In computational chemistry and molecular physics, Gaussian orbitals are functions used as atomic orbitals in the LCAO method for the representation of electron orbitals in molecules and numerous properties that depend on these.

Coupled cluster (CC) is a numerical technique used for describing many-body systems. Its most common use is as one of several post-Hartree–Fock ab initio quantum chemistry methods in the field of computational chemistry, but it is also used in nuclear physics. Coupled cluster essentially takes the basic Hartree–Fock molecular orbital method and constructs multi-electron wavefunctions using the exponential cluster operator to account for electron correlation. Some of the most accurate calculations for small to medium-sized molecules use this method.


MOLPRO is a software package used for accurate ab initio quantum chemistry calculations. It is developed by Peter Knowles at Cardiff University and Hans-Joachim Werner at Universität Stuttgart in collaboration with other authors.

Gaussian is a general purpose computational chemistry software package initially released in 1970 by John Pople and his research group at Carnegie Mellon University as Gaussian 70. It has been continuously updated since then. The name originates from Pople's use of Gaussian orbitals to speed up molecular electronic structure calculations as opposed to using Slater-type orbitals, a choice made to improve performance on the limited computing capacities of then-current computer hardware for Hartree–Fock calculations. The current version of the program is Gaussian 16. Originally available through the Quantum Chemistry Program Exchange, it was later licensed out of Carnegie Mellon University, and since 1987 has been developed and licensed by Gaussian, Inc.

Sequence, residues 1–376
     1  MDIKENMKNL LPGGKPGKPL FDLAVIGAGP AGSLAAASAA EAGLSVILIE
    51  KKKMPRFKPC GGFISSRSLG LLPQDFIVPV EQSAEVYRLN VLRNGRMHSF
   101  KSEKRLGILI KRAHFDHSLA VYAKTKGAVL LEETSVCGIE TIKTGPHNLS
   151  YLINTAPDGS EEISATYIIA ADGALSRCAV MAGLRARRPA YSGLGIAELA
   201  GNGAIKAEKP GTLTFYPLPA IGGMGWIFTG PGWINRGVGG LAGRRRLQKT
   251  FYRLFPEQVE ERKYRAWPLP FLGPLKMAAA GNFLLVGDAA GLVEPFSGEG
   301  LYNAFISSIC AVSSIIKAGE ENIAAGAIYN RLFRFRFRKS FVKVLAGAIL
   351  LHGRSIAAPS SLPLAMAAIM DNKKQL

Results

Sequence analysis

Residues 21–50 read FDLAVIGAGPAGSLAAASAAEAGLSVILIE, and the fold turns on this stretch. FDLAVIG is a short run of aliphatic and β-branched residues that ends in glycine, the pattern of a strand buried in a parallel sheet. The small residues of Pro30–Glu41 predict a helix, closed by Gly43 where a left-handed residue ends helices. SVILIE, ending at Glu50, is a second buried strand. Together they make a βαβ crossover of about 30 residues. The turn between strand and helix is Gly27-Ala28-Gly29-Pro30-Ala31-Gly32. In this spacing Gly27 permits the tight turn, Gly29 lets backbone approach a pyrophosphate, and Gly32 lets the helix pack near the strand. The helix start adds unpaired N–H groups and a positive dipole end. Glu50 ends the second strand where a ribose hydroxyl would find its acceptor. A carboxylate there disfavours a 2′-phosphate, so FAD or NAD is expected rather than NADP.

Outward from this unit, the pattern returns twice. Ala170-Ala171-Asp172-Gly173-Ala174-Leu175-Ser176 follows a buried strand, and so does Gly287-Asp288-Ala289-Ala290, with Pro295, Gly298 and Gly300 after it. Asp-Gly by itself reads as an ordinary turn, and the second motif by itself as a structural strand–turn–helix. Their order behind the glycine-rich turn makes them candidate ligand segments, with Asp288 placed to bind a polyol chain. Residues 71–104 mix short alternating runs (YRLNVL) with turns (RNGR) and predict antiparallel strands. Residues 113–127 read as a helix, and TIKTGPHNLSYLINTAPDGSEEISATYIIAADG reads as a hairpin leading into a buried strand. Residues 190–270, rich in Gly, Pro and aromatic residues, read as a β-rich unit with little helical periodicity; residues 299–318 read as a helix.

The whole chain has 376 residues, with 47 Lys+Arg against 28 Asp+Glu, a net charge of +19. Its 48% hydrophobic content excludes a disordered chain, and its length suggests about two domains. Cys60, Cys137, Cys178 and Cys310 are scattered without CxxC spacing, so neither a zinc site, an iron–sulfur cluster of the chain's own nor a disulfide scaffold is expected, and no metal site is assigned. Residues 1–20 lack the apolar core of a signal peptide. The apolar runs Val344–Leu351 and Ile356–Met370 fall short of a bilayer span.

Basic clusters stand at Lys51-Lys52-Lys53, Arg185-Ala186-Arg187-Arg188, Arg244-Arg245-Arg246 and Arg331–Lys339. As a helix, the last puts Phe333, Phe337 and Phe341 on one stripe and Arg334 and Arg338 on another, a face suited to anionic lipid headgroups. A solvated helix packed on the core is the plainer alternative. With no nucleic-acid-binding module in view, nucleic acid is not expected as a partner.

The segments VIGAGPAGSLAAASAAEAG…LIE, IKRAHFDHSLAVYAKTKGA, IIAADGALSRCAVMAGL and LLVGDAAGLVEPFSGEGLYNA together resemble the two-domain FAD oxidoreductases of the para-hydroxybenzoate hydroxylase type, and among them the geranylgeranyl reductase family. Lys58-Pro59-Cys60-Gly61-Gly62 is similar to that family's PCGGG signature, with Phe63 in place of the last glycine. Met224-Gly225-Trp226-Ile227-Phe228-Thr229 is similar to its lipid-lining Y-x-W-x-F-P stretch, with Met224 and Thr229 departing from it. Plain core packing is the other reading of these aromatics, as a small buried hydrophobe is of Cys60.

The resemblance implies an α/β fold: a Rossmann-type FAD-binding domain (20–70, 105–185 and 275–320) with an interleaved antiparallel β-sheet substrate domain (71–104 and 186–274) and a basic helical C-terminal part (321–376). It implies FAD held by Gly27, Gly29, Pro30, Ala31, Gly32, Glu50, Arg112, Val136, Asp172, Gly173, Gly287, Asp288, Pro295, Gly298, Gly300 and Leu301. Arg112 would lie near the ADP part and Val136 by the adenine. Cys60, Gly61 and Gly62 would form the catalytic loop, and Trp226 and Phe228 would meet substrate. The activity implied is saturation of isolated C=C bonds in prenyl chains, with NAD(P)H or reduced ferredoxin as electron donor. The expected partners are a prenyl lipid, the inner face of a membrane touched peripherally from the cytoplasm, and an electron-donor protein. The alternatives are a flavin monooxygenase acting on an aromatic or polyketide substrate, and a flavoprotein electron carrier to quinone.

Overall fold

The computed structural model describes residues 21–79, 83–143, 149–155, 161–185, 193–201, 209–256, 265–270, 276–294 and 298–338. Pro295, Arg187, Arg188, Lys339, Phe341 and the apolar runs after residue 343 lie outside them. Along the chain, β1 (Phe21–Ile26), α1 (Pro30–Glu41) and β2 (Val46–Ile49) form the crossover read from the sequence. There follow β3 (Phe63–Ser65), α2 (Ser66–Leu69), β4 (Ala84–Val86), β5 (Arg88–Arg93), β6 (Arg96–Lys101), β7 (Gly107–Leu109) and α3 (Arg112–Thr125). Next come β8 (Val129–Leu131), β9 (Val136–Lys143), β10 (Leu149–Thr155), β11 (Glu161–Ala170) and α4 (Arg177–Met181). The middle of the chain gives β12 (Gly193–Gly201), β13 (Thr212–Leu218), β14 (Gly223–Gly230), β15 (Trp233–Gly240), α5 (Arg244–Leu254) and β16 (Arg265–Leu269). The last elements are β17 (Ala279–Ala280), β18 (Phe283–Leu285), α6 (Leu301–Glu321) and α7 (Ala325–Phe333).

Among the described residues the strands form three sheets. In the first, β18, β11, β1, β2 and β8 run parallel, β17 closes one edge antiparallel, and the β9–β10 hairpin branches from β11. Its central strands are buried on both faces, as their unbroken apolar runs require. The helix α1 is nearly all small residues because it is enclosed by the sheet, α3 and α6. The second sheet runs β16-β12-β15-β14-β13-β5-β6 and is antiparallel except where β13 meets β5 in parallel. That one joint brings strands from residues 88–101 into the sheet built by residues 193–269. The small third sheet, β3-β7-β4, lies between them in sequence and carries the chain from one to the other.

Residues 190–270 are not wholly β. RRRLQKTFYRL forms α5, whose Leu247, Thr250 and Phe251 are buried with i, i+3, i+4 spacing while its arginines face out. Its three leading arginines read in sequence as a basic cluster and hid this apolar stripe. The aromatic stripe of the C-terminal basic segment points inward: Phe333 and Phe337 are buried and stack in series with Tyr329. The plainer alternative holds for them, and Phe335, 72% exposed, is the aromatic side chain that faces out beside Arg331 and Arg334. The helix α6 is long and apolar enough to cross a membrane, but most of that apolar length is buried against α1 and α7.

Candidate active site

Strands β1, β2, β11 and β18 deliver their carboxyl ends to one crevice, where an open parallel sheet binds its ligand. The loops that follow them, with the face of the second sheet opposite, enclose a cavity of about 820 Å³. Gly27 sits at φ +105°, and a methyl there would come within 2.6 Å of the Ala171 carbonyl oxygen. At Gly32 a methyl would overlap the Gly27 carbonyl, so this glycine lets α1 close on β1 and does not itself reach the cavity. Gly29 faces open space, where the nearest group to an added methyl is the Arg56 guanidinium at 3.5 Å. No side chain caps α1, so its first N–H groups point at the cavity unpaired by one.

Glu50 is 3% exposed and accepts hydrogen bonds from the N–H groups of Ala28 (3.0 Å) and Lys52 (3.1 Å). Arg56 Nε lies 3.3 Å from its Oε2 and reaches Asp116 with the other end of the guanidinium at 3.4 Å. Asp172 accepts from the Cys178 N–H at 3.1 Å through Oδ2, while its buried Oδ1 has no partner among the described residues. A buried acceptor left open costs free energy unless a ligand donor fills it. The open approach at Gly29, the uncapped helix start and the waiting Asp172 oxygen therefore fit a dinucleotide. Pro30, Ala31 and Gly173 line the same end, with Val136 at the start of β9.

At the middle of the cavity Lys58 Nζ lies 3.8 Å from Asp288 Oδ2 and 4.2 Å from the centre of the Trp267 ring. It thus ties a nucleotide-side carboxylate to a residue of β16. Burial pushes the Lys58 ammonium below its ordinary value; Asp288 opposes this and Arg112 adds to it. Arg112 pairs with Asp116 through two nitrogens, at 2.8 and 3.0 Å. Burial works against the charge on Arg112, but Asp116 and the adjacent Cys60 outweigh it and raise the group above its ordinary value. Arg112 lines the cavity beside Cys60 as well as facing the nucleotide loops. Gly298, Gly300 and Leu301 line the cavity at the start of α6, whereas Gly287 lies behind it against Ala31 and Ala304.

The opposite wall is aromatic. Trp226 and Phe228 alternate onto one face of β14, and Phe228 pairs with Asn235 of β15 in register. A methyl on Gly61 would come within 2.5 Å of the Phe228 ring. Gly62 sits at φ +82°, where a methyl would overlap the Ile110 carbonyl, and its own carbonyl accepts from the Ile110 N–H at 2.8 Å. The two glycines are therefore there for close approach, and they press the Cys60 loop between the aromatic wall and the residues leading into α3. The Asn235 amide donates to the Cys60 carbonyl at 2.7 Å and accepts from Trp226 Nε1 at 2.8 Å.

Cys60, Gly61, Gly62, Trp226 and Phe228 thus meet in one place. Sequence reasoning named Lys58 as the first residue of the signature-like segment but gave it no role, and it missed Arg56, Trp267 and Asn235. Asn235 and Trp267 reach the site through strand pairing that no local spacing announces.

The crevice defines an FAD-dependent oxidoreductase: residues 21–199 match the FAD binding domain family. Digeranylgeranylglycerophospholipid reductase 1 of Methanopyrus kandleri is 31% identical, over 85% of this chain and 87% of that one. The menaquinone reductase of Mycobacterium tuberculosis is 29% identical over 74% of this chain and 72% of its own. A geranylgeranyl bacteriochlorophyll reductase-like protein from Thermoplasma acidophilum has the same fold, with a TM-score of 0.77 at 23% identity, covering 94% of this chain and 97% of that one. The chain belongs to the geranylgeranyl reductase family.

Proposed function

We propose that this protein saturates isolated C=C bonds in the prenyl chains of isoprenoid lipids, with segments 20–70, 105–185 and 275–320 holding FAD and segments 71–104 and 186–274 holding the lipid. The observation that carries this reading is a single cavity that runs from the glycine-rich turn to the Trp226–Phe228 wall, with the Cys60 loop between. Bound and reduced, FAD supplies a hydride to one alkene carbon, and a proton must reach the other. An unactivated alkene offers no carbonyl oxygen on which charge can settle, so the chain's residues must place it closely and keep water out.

Q-Chem is a general-purpose electronic structure package featuring a variety of established and new methods implemented using innovative algorithms that enable fast calculations of large systems on various computer architectures, from laptops and regular lab workstations to midsize clusters and HPCC, using density functional and wave-function based approaches. It offers an integrated graphical interface and input generator; a large selection of functionals and correlation methods, including methods for electronically excited states and open-shell systems; solvation models; and wave-function analysis tools. In addition to serving the computational chemistry community, Q-Chem also provides a versatile code development platform.

Møller–Plesset perturbation theory (MP) is one of several quantum chemistry post–Hartree–Fock ab initio methods in the field of computational chemistry. It improves on the Hartree–Fock method by adding electron correlation effects by means of Rayleigh–Schrödinger perturbation theory (RS-PT), usually to second (MP2), third (MP3) or fourth (MP4) order. Its main idea was published as early as 1934 by Christian Møller and Milton S. Plesset.

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A basis set in theoretical and computational chemistry is a set of functions that is used to represent the electronic wave function in the Hartree–Fock method or density-functional theory in order to turn the partial differential equations of the model into algebraic equations suitable for efficient implementation on a computer.

PQS (software)